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Elva Ruby Miller (October 5, 1907 – July 5, 1997), who recorded under the name "Mrs. Miller", was an American singer who gained some fame in the 1960s for her series of shrill and off-key renditions of popular songs such as "Moon River", "Monday, Monday", "A Lover's Concerto", and "Downtown". Singing in an untrained, Mermanesque, vibrato-laden style, according to Irving Wallace, David Wallechinsky and Amy Wallace in The Book of Lists 2, Miller's voice was compared to the sound of "roaches scurrying across a trash can lid."
Nevertheless, "Downtown" reached the Billboard Hot 100 singles chart in April 1966, peaking at No. 82. The single's B-side, "A Lover's Concerto," barely cracked the Hot 100 that same month at No. 95.
Life and career
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Elva Ruby Connes was born in Joplin, Missouri, the third of seven children born to Edward and Ada (Martin) Connes. She grew up in Missouri and Kansas. She married John Richardson Miller, a professional investor thirty years her senior, on January 17, 1934. They moved to Claremont, California the following year, where she studied music, voice, and composition at Pomona College and involved herself in church and community projects. She said singing was "a hobby", but she produced several records, mainly of classical, gospel, and children's songs. She self-financed and recorded at least one 45 ("Slumber Song"), and distributed it to local orphanages. It was while making a recording that arranger Fred Bock heard her. He convinced her to try more modern songs and took the recordings to different record labels.
Radio disc jockey (and later Laugh-In announcer) Gary Owens featured Miller on his radio program as early as 1960, and she also appeared on a limited-run album of his comedy routines. Owens can be credited to have discovered her, since her later success on Capitol Records was not until late 1965. Miller was signed to Capitol Records by Lex de Azevedo, a young up-and-coming producer at the label. His uncle, Bill Conkling, was then president of Capitol Records. Azevedo was also a member of The King Family. He is now a successful music producer in the LDS Church, but does discuss his involvement with Miller.
Miller's success, like that of Florence Foster Jenkins and Wing, was due to the amateurishness of her singing. Capitol Records seemed eager to emphasize it —in a 1967 interview with Life magazine, Miller claimed that during recording sessions she was deliberately conducted a half beat ahead or behind time, and said the worst of several recordings of a song were chosen for the finished album. Her first LP, bizarrely titled Mrs. Miller's Greatest Hits, appeared in 1966. Made up entirely of pop songs, it sold more than 250,000 copies in its first three weeks. KMPC disc jockey Gary Owens wrote the liner notes. Will Success Spoil Mrs. Miller?! followed, and The Country Soul of Mrs. Miller came a year later.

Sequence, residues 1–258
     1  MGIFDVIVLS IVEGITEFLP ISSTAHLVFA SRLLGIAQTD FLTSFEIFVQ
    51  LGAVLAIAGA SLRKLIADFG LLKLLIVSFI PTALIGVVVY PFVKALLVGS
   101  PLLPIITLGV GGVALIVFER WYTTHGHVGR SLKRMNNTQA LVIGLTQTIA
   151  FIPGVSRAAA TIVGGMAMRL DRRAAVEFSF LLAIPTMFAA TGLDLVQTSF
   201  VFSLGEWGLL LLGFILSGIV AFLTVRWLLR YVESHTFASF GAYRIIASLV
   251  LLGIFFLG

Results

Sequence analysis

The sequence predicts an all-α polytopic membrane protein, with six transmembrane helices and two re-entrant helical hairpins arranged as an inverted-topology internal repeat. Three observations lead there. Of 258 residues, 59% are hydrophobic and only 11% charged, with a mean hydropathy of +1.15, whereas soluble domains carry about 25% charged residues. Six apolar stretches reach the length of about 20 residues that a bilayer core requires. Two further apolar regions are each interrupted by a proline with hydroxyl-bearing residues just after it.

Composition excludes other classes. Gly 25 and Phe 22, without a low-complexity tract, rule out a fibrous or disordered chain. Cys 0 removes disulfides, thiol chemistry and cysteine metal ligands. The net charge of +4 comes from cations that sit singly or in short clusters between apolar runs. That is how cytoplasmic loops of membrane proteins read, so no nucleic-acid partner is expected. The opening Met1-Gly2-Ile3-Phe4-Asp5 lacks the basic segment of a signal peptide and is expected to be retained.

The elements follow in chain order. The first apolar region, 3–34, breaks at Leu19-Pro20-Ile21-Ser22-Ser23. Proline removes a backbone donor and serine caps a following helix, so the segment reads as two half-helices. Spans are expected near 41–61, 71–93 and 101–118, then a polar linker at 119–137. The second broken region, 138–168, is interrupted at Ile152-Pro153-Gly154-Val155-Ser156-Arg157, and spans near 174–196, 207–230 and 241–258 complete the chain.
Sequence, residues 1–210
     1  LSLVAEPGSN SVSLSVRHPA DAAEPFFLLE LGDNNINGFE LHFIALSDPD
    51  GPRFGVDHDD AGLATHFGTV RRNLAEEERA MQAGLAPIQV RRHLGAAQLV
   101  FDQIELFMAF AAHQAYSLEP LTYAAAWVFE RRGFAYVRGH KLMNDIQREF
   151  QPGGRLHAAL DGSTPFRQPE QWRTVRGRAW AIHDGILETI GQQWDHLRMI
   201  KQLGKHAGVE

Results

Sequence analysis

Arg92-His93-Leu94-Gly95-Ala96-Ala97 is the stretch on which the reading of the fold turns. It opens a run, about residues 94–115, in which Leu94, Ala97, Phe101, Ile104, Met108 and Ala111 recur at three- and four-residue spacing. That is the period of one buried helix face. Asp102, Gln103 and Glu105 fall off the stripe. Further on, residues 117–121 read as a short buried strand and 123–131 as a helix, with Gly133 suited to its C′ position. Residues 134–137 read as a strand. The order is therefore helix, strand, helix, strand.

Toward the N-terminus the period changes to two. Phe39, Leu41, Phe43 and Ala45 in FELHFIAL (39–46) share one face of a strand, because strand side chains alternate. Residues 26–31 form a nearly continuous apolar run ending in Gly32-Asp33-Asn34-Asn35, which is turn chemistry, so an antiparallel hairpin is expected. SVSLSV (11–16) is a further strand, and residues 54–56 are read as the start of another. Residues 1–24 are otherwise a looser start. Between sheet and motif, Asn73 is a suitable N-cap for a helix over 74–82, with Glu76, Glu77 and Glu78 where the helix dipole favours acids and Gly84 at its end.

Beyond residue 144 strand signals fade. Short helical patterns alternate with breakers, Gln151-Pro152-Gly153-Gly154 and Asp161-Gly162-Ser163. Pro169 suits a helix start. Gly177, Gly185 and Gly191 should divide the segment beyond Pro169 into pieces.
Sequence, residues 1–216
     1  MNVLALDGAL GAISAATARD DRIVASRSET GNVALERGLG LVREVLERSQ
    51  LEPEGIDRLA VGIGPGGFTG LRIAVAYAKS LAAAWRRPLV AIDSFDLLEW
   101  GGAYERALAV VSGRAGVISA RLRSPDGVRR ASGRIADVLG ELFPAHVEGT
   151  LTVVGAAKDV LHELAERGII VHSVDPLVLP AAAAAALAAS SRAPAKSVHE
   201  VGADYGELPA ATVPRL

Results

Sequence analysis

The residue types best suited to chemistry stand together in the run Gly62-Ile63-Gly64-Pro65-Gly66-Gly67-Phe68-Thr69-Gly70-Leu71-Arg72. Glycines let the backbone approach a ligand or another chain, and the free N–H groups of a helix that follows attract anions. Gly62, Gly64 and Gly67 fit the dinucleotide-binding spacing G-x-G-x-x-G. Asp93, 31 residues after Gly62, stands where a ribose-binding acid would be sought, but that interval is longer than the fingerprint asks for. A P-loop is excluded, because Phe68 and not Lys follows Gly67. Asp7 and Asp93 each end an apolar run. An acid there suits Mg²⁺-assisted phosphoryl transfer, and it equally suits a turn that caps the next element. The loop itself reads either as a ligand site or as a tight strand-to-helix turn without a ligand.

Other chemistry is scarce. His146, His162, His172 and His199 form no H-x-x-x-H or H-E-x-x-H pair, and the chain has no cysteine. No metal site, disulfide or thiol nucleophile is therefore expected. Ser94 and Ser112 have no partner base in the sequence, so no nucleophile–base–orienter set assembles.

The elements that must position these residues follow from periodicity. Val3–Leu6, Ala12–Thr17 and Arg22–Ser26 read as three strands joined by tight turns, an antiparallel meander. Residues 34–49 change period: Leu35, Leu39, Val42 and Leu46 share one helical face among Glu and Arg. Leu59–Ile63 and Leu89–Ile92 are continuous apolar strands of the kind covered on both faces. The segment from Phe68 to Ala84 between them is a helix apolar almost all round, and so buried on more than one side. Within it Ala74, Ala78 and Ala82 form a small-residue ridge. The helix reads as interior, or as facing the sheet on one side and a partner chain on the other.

Miller sang for US servicemen in Vietnam, performed at the Hollywood Bowl, and guest starred on numerous television shows. She also appeared in Roddy McDowall's film The Cool Ones, where she sang "It's Magic". However, public interest in Miller soon waned. She was dropped by Capitol, and in 1968 she released one album, Mrs. Miller Does Her Thing, on the small Amaret Records label. Before issuing several singles on her own Vibrato Records label, she recorded two albums of material at Radio Recorders for Dunhill Records, which went unnoticed. She then retired from singing in the early 1970s. Her last known recording was a self-released EP in 1970.
Miller retired officially in 1973, when interest in her career had almost virtually ended. She spent her remaining years doing charity work. She lived in a condo in Northridge, California, until an earthquake in 1994. She then moved to a retirement home.
She may have been the inspiration for a similar act called Mr Miller and the Blue Notes, who released their 1966 version of the Herman's Hermits hit, "Mrs. Brown, You've Got a Lovely Daughter" among a number of other similarly themed novelty acts of the era.
Elva Miller died in Garden Terrace Retirement Center, in Vista, California, in 1997, aged 89. She was interred in Pomona Mausoleum, at Pomona Valley Memorial Park, in Pomona, California. Two years later, a compilation CD of her work was released on Capitol's Ultra-Lounge label: Wild, Cool & Swingin,' The Artist Collection Vol. 3: Mrs. Miller.
|Mrs. Miller's Greatest Hits||1966||15|
|Will Success Spoil Mrs. Miller?!||1966||-|
|The Country Soul of Mrs. Miller||1967||-|
|Mrs. Miller Does Her Thing||1968||-|
|Wild, Cool & Swingin'||1999||-|
|The Turned-On World of Mrs. Miller||2000||-|
"-" indicates did not chart
|Single||Year||US Billboard Hot 100|
|A Lover's Concerto||1966||#95|
- Leona Anderson
- Florence Foster Jenkins
- Tryphosa Bates-Batcheller
- William Hung
- William Topaz McGonagall
- Jared Smith
- William Shatner's musical career
- Jonathan and Darlene Edwards
- Irving Wallace, David Wallechinsky and Amy Wallace, The Book of Lists 2 (1983); ISBN 0-688-03574-4
- "Mrs. Miller - Chart history | Billboard". www.billboard.com. Retrieved 2016-02-20.
- Skip Heller (1999), Searching for Mrs. Miller; The Link Between Charles Ives and Ed Wood, 
- Profile, danacountryman.com; accessed 26 September 2015.
- Darryl W. Bullock, The World's Worst Records: Volume One: An Arcade of Audio Atrocity Page 76
- "Mrs. Miller | Album Discography | AllMusic". AllMusic. Retrieved 2016-02-20.
- "Mrs. Miller | Awards | AllMusic". AllMusic. Retrieved 2016-02-20.